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For both parties, weekend results slow front-runner momentum

March 7, 2016 at 8:00 PM EDT
This weekend’s voting saw Sen. Ted Cruz playing catch-up with Donald Trump. Scoring large margins, the Texas senator won as many states as the GOP frontrunner and closed the gap between them to less than a hundred delegates. Meanwhile, Sen. Bernie Sanders won three states to Clinton’s one and hammered her in Sunday’s debate, but momentum still seems to be in her favor.
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HARI SREENIVASAN: The presidential hopefuls are pointing to a new round of voting tomorrow, with the leaders hoping to pad their leads, and rivals hoping to close the gap.

With that in mind, all of the candidates were on the road today.

DONALD TRUMP (R), Republican Presidential Candidate: Who is going to win North Carolina?

AUDIENCE: Trump!

DONALD TRUMP: Right?

HARI SREENIVASAN: Donald Trump spent his day down South, where he’s won eight states and the bulk of his 384 delegates so far.

DONALD TRUMP: Uh-oh. We have another one. Get him out of here.

HARI SREENIVASAN: Along with big crowds, the Republican front-runner again faced protesters.

DONALD TRUMP: Go home to mommy. Tell her to tuck you in bed.

HARI SREENIVASAN: And he still has to contend with Ted Cruz as well. The Texas senator is now within 100 delegates of Trump, after scoring weekend wins in Kansas and in Maine.

SEN. TED CRUZ (R-TX), Republican Presidential Candidate: In this race, it is clear. A vote for any other candidate, a vote for Marco Rubio or a vote for John Kasich is a vote for Donald Trump, because there is only one who has repeatedly beaten Donald Trump.

HARI SREENIVASAN: Marco Rubio managed to win Puerto Rico yesterday, but his real hopes now rest on his home state of Florida next week.

SEN. MARCO RUBIO (R-FL), Republican Presidential Candidate: We knew this would be the roughest period in the campaign, given the makeup of the electoral map.

FORMER GOV. ARNOLD SCHWARZENEGGER (R), California: Welcome my very good friend Governor John Kasich!

HARI SREENIVASAN: Ditto John Kasich, the Ohio governor who hopes to fare better in neighboring Michigan, one of four states holding Republican contests tomorrow.

Meanwhile, Democrats Hillary Clinton and Bernie Sanders held their testiest debate yet last night. They faced off in Flint, Michigan, the town where lead poisoned the drinking water, and both of them laid into Republican Governor Rick Snyder.

SEN. BERNIE SANDERS (VT-I), Democratic Presidential Candidate: He should resign.

HILLARY CLINTON (D), Democratic Presidential Candidate: I agree. The governor should resign or be recalled.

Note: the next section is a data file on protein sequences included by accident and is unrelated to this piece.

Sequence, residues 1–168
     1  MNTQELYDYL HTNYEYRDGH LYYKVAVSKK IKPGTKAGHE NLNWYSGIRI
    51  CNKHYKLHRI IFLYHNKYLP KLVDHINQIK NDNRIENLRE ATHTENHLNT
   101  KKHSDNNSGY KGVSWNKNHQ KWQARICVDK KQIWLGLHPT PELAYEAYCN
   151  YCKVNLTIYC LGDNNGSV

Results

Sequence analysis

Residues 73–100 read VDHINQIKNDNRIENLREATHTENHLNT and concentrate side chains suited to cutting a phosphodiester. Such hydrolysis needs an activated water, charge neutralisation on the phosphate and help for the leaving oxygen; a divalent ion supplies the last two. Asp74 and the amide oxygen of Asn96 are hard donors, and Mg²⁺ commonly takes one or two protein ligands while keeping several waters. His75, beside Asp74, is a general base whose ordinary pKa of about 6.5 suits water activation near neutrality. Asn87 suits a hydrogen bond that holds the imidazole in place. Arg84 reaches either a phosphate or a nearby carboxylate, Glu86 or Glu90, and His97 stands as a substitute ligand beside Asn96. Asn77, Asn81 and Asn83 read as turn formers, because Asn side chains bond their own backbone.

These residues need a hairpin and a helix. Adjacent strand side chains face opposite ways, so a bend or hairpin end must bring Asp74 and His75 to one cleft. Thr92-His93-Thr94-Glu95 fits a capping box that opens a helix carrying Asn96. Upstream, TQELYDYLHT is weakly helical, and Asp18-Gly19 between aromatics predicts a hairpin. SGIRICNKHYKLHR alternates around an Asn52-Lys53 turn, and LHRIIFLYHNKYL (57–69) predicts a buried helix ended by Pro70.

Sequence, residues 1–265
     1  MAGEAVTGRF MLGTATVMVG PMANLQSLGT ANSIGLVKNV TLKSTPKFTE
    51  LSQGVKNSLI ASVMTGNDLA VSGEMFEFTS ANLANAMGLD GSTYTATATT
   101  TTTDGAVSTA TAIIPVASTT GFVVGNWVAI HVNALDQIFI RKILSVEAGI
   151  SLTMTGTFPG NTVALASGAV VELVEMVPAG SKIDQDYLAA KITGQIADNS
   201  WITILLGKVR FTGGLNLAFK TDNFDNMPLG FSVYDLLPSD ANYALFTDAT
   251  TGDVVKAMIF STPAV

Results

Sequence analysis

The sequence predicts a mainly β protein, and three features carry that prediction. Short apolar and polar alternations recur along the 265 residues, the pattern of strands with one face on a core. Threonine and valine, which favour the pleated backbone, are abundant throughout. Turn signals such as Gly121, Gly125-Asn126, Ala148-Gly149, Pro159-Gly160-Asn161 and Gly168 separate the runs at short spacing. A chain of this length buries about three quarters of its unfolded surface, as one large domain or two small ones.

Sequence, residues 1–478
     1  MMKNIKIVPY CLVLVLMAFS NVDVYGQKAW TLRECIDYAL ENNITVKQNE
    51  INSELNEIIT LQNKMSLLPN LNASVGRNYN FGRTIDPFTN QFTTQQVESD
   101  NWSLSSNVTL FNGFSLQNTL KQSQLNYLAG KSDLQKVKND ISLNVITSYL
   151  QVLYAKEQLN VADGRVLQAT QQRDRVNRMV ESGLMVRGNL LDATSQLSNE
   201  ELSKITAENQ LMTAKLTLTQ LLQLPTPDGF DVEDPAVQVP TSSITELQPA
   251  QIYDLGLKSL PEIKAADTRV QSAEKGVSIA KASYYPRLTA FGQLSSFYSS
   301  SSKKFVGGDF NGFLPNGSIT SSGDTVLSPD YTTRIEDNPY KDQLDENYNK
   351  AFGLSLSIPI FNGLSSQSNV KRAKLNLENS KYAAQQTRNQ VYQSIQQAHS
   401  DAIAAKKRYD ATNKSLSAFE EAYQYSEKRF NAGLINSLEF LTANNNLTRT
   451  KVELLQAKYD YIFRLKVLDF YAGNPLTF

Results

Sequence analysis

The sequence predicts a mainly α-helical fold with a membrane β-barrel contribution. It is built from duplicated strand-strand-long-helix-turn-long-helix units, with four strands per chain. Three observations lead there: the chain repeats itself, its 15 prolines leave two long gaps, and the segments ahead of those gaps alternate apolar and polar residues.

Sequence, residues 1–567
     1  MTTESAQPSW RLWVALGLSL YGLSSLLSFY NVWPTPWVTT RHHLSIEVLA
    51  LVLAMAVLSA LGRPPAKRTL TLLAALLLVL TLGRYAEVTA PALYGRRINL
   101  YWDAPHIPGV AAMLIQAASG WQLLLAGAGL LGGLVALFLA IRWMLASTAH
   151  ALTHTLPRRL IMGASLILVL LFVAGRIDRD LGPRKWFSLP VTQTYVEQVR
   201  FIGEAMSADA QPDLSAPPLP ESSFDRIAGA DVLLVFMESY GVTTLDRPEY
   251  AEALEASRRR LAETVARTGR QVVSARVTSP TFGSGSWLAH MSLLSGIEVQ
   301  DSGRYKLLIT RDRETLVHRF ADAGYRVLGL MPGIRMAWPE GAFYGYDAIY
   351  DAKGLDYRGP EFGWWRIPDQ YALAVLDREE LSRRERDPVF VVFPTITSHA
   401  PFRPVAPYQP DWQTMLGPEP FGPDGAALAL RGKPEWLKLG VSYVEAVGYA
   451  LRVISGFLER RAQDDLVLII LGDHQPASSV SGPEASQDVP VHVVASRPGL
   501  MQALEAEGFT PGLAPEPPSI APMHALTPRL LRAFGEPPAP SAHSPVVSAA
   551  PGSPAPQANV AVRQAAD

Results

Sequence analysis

HARI SREENIVASAN: After that, the pair agreed on little else. Sanders hit Clinton on trade.

SEN. BERNIE SANDERS: Secretary Clinton supported virtually every one of these disastrous trade agreements written by corporate America.

HARI SREENIVASAN: In turn, Clinton played up her support for President Obama’s auto rescue plan.

HILLARY CLINTON: Well, I will tell you something else that Senator Sanders was against. He was against the auto bailout. I voted to save the auto industry.

(CHEERING AND APPLAUSE)

HILLARY CLINTON: He voted against the money that ended up saving the auto industry. I think that is a pretty big difference.

SEN. BERNIE SANDERS: Whoa. Well, I — if you are talking about the Wall Street bailout, where some of your friends destroyed this economy…

HILLARY CLINTON: You know…

SEN. BERNIE SANDERS: … through — excuse me, I’m talking.

ANDERSON COOPER, CNN Anchor: Let him respond.

HILLARY CLINTON: If you’re going to talk, tell the whole story, Senator Sanders.

SEN. BERNIE SANDERS: Let me tell my story. You tell yours.

HILLARY CLINTON: I will.

HARI SREENIVASAN: The two also sparred on gun control and Wall Street. Today, Sanders charged Clinton misstated his position on the auto bailout.

SEN. BERNIE SANDERS: I voted for that bailout and support of the workers in the automobile industry.

(CHEERING AND APPLAUSE)

HARI SREENIVASAN: Clinton also stayed in Michigan, appearing to strike a conciliatory stance in Grand Rapids.

HILLARY CLINTON: I would hope to be able to enlist Bernie in helping me to reach out to his supporters if I am so fortunate enough to be the nominee.

HARI SREENIVASAN: Clinton won one state to Sanders’ three over the weekend, but she’s still well ahead in delegates, with 1,130, nearly half of what’s needed. Democrats hold contests tomorrow in Michigan and Mississippi.

And late today, former New York City Mayor Michael Bloomberg said he will not run for president after all. He told The New York Times that he fears a three-way race would guarantee Donald Trump’s election.

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